Gary The Scammer: I am tired of your back and forth. If you know you are serious and you don’t want legal actions taken against you. go send the money via Moneygram to Bristol and send the the exact amount sent and reference number to me immediately. 5:12 PM
Gary The Scammer: This is the last time i will give you an opportunity to make things right 7:14 PM
Steven: I don’t want legal actions taken against me but, my accountant won’t allow me to use Moneygram. I can only send a check via the mail. 8:19 PM
Gary The Scammer: does the money belong to the accountant? 8:21 PM
Steven: No, it’s mine. 8:32 PM
Gary The Scammer: the money neither yours nor his because the gig is off so your opinion or his does not count. i have instructed you on the best way to return the money and if you can go get yourself a lawyer. Am done trying to convince you 8:39 PM
Steven: Yes, the money is YOURS and I’m trying to get it back to you. You don’t need to convince me. I can mail you a check right away. 8:44 PM
Gary The Scammer: go do as instructed. go send it through Moneygram its instant. 8:49 PM
Steven: What don’t you understand? I CAN NOT use Moneygram. 8:57 PM
Gary The Scammer: Ok, you will hear from our team. bye 8:59 PM
Steven: You don’t want your money back? Now I don’t understand. 9:02 PM
Gary is frustrated here because in order to maintain his anonymity, he needs Steven to use MoneyGram, which Steven’s refusing to do. So Gary tries one last (empty) threat:
Gary The Scammer: Since you cant do as instructed for whatever reason thats best known to you and your accountant. you will hear from our legal team and i am sure you will pay damages for holding on to what you arent supposed to hold on to. 9:05 PM
Steven: What are you talking about? I’m trying to get your money back to you!!! 9:07 PM
Gary The Scammer: then DO AS INSTRUCTED OR STOP MESSAGING ME. HOW HARD IS IT…. I DONT CARE WHAT YOUR ACCOUNTANT TOLD YOU 9:11 PM
Steven: And I don’t care what you think about my accountant’s advice. Why can’t you just give me an address where I can send your money? WHAT’S SO HARD ABOUT THAT??? 9:15 PM
At this point, Steven told me that he was really hoping to get a mailing address from Gary just so that he could just return the fraudulent check in an envelope.
Gary The Scammer: Moneygram is instant. are you retarded? i will prefer that to mail that will take days 9:18 PM
Gary The Scammer: go f#@! yourself. stop texting me. 9:20 PM
Steven: Well that’s not very professional. Anyway, I can send you a check via overnight mail and you’ll have it tomorrow. Isn’t that fast enough? 9:25 PM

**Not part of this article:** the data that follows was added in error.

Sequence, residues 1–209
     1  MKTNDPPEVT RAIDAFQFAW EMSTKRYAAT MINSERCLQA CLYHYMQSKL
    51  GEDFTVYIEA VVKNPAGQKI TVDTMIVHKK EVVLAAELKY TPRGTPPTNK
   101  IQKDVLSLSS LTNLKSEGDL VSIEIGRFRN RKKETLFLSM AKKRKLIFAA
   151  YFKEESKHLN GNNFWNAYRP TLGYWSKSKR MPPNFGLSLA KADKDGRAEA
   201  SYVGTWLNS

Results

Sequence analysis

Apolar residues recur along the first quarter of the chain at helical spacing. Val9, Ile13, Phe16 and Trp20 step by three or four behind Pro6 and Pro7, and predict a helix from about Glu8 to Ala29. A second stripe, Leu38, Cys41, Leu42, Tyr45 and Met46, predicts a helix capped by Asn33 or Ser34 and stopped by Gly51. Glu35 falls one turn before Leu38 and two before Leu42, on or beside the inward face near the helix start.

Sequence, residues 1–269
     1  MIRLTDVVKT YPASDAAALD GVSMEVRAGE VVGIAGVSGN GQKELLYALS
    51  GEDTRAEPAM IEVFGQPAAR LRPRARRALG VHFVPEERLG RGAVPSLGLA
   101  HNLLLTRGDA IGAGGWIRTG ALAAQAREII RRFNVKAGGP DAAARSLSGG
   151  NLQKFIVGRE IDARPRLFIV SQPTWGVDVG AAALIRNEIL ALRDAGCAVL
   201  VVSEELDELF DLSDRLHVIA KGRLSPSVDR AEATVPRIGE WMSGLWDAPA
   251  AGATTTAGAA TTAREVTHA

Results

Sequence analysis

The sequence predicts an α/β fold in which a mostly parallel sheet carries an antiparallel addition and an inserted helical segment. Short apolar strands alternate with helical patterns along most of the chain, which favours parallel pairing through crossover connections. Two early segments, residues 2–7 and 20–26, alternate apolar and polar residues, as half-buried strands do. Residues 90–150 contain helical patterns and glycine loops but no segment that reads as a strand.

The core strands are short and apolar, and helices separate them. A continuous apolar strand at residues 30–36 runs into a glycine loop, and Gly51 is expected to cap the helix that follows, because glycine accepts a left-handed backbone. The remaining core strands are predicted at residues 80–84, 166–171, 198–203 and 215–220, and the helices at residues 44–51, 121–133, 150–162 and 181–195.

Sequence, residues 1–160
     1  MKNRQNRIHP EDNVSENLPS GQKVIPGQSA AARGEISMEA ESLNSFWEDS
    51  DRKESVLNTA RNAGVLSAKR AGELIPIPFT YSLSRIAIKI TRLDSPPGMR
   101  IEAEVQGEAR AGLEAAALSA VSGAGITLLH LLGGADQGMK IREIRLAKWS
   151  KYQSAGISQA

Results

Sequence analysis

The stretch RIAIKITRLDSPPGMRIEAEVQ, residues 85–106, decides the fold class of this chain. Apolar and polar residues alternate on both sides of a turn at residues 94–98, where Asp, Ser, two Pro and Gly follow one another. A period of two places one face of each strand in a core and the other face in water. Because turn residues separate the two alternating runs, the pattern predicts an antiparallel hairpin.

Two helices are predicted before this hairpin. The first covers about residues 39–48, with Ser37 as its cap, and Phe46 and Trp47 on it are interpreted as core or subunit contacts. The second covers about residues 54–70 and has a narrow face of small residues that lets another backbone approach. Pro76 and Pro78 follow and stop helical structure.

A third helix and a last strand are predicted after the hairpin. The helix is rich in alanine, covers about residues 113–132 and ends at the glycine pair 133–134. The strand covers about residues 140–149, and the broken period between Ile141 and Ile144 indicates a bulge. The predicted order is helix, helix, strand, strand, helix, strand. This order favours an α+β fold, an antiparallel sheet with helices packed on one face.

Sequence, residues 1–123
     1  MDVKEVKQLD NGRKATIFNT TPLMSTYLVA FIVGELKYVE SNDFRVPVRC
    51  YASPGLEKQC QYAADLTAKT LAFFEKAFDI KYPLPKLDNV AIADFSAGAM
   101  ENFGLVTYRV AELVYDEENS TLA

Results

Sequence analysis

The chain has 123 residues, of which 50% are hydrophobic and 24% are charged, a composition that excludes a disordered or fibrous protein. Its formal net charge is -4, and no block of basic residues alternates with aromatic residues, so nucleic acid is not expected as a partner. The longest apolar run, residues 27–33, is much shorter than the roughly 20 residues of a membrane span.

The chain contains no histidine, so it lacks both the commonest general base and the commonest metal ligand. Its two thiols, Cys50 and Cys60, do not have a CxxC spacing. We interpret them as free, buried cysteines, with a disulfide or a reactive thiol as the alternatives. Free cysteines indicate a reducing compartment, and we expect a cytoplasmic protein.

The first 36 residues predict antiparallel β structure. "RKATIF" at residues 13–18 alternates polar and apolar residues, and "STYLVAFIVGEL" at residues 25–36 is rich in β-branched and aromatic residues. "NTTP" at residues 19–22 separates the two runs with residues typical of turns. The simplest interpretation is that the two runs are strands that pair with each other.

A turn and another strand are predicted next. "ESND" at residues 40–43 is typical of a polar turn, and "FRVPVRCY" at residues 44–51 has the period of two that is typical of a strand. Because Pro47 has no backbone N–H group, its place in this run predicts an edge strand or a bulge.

Gary The Scammer: Moneygram is INSTANT..F#@KING RETARD 9:30 PM
Steven: Yes, it is instant. And overnight mail is ALMOST instant. And that’s the only way I can send your money. Don’t you want it? 9:36 PM
Steven: I still have time to get to the post office today so you can have your money tomorrow. 9:38 PM
Steven: Gary, I’ll need to know within the next two hours if you want me to send it today. 9:41 PM
Steven: Are you getting my texts? 9:53 PM
Steven: Hello? 10:02 PM
Steven: Gary? 10:04 PM
Steven: Are you there? 10:09 PM
Gary The Scammer: If you cant use Moneygram, stop texting me. 4:10 PM
And that’s where communication from Gary stopped, at least with that particular talent. Until a few days later, when Steven got this text from Gary:
Gary The Scammer: Steven, did you tell other voice talents about me? Now they are all lying to me and f&@!ng with me like you did.
So hopefully, all of the information that’s been shared in the VO community lately has made things harder for these scammers, at least in our little corner of the world.
Dave Courvoisier recently wrote a fabulous and informative blog post about protecting yourself from VO scammers, Nigerian and otherwise.
If you’ve been contacted by scammers you can always file a complaint with the Federal Trade Commission and the FBI’s Internet Crime Complaint Center. Also check your state’s Attorney General site as they often have resources to report these types of things.
Finally, read up on the Internet Crime Complaint Center’s scam page and familiarize yourself with the common characteristics of scams so you aren’t victimized. The biggest red flag: if anyone ever sends you a check, wire transfer, ACH payment, etc., and then asks you to send all or part of the funds to a 3rd party, don’t. It’s a scam.
Tags: scam, scammers, voice over, voice over talent, voice overs, voiceover, voiceover talent, voiceovers